We went to bed early on our last night in Nepal since we would have to wake up at 4:00am for our private taxi to the Nepal-India border to catch a bus to Varanasi. Border crossing was strangely easy, however disorganized and chaotic. All of the foreigners going on the bus had the same deer-in-the-headlights look in their eyes as we all shared a couple laughs as a remedy to the confused, nearly clueless state we all shared. Finally, we boarded genuinely hoping we had got on the correct bus. As we crossed, we noticed a stark contrast between Nepal and North India. Yes, the roads were paved but the first sight in India was a brawl at 6am in the middle of the street between two men, stopping traffic, and demonstrating the chaos to come.
Our bus took us directly to Varanasi 12 hours after crossing the border. We took a tuk tuk directly to our hostel near Assi Ghat. Arriving late in the evening, we were tired but the live traditional music at Assi Ghat drew us in. We listened to music, overlooking the Ganga (Ganges River), and welcomed the adventure to come.
We wanted to return to India after Nepal for Varanasi specifically over these dates. Dev Diwali is one of the holiest festivals in India, let alone the world. We knew it was big but had no idea to what caliber. Our hotel manager told us that over 10 million people (an embellished truth?) flock to Varanasi over this holiday. The ghats (stone river front steps and forts lining the Ganga river) are lit up by oil lamps, forts decorated with dangling lights, several ceremonies and performances line the river front of 87 ghats total. The festival happens over the first full moon after Diwali and is dedicated to the gods who are believed to come down to the Ganga that night. We also learned the Ganga is tied to Shiva thus several of the ghats and ceremonies were to honor Shiva.
Before we started our travels, we were told North India was a bit of a wild place to travel, Varanasi especially having the potential of chaos, specifically over Dev Diwali due to the crowds. Of course, we ignored all the warnings. We believed we were prepared enough for North India after spending a month and a half in South India but we truly were not aware of what we were getting ourselves into.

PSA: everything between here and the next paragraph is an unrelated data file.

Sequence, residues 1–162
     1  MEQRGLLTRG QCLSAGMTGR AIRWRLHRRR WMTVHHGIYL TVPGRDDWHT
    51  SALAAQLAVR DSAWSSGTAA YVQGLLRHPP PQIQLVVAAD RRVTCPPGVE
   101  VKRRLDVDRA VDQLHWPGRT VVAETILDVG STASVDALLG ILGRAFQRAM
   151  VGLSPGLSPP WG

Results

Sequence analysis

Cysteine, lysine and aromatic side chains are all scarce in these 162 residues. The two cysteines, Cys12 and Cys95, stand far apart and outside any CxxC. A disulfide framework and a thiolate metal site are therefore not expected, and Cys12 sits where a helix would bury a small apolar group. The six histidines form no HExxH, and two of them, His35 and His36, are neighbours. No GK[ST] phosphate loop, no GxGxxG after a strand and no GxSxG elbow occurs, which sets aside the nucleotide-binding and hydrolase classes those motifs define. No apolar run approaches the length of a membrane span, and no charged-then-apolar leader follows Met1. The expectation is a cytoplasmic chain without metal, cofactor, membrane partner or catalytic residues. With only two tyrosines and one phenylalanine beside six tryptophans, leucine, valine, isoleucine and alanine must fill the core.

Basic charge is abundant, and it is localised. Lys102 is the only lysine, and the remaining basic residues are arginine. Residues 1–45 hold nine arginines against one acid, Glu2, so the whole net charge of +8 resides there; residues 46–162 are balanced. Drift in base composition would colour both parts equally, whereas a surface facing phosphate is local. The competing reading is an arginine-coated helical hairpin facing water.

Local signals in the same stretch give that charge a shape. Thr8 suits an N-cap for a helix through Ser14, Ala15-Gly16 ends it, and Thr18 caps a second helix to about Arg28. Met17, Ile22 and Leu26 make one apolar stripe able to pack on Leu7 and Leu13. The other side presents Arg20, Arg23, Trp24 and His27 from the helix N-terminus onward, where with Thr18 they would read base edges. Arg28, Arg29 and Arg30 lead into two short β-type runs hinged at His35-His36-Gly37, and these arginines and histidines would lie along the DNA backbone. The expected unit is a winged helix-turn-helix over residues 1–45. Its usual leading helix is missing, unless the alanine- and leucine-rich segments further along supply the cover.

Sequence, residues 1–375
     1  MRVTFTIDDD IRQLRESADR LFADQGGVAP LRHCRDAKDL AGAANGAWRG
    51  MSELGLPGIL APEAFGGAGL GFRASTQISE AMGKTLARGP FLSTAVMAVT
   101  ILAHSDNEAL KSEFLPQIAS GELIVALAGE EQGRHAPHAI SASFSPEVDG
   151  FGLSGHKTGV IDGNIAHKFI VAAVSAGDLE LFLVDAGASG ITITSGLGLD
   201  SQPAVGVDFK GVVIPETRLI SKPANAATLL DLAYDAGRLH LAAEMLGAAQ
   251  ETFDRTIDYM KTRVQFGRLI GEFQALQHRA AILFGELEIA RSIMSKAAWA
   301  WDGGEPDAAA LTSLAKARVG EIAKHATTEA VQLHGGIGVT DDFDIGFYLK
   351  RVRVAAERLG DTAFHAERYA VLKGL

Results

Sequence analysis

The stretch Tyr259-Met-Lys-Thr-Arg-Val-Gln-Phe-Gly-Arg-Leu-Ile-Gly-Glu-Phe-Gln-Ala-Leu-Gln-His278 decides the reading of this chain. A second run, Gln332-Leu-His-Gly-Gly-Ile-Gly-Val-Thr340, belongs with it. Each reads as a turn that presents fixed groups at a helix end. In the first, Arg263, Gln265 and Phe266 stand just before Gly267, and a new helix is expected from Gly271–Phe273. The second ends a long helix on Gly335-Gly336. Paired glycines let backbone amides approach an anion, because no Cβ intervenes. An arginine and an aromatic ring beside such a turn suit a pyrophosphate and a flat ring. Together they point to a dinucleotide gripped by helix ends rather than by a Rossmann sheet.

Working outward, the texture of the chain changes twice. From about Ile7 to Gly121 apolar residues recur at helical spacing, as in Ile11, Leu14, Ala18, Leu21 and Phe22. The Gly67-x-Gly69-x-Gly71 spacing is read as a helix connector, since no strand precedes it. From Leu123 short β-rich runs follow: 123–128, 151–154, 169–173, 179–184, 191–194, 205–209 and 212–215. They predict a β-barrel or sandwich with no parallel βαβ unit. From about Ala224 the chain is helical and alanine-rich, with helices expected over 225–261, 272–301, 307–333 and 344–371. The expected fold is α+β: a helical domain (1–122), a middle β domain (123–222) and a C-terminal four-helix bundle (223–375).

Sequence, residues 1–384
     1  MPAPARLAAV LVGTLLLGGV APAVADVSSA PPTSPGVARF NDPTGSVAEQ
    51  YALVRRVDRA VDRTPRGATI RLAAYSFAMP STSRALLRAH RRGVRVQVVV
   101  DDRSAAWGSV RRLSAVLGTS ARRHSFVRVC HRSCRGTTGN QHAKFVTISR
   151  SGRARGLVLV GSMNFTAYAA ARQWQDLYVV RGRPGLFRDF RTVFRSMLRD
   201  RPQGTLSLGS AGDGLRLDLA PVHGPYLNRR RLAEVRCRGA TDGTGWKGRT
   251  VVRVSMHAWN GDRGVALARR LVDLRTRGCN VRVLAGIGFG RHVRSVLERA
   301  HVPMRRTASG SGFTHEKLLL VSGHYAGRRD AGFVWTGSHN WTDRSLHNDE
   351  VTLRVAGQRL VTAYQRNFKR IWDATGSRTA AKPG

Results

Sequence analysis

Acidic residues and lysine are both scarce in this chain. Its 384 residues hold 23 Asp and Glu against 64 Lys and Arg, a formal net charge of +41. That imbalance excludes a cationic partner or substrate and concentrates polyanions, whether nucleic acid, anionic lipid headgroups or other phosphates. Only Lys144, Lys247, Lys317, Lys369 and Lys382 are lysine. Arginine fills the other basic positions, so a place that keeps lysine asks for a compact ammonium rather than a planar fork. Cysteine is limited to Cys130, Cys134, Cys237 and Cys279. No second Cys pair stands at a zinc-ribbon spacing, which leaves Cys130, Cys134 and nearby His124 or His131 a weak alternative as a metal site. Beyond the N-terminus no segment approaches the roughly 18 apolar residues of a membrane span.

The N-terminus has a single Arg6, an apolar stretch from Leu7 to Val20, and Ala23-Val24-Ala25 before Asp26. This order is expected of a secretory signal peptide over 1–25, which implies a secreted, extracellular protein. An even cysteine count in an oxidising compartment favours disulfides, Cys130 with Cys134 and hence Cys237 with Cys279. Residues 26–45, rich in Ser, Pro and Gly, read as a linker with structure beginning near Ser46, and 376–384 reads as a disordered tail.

The chaos has its rewards. Varanasi is like no other place in the world. The narrow alley ways, the beautiful ghats and cremation ceremonies, intricate temples, and ancient traditions of Varansi were enough to draw us in. Every morning at sunrise and every evening at sundown, Aarti ceremonies facing the Ganga take place in honor of Shiva and Mother Ganga. Five to six men in saffron (the holy color) robes come down from the ghats, line the stage facing the Ganga, and proceed with the ceremony. We learned so much from talking to our boat rower and a friend, Arjun, we met on the bus to Varanasi from Mumbai that took us under his wing. The Aarti ceremony is done with fire, since it is believed that fire connects this world and the spirit world, while chanting to Mother Ganga, and also includes water, flowers, lamps, incense, bells as offerings. This tradition goes back as far as 2000 BC! Crowds swarm, on land and river boat, to watch the night sky light up with the synchronized dance of fire, smoke, and the sound of bells as the Ganga is adorned with hundreds of floating candles. After the ceremony is complete, it is believed that the Goddess blesses each individual present. There truly is nothing else like it.
During the day, we found ourselves trying to get errands done or see attractions only to get frustrated from either being hassled by tuk tuk driver after tuk tuk driver, told misinformation, or people simply brushing us off and not wanting to help us. For example, on our first day we wanted to get SIM cards in case we were separated. What should have taken at most an hour took 5 hours with no results. Being bounced around from one store to the next, we felt cheated and felt like no one in the city was on the same page. By the end of the day, we were exhausted. This first full day in North India became a theme as we continued through Varanasi, Agra, and Delhi.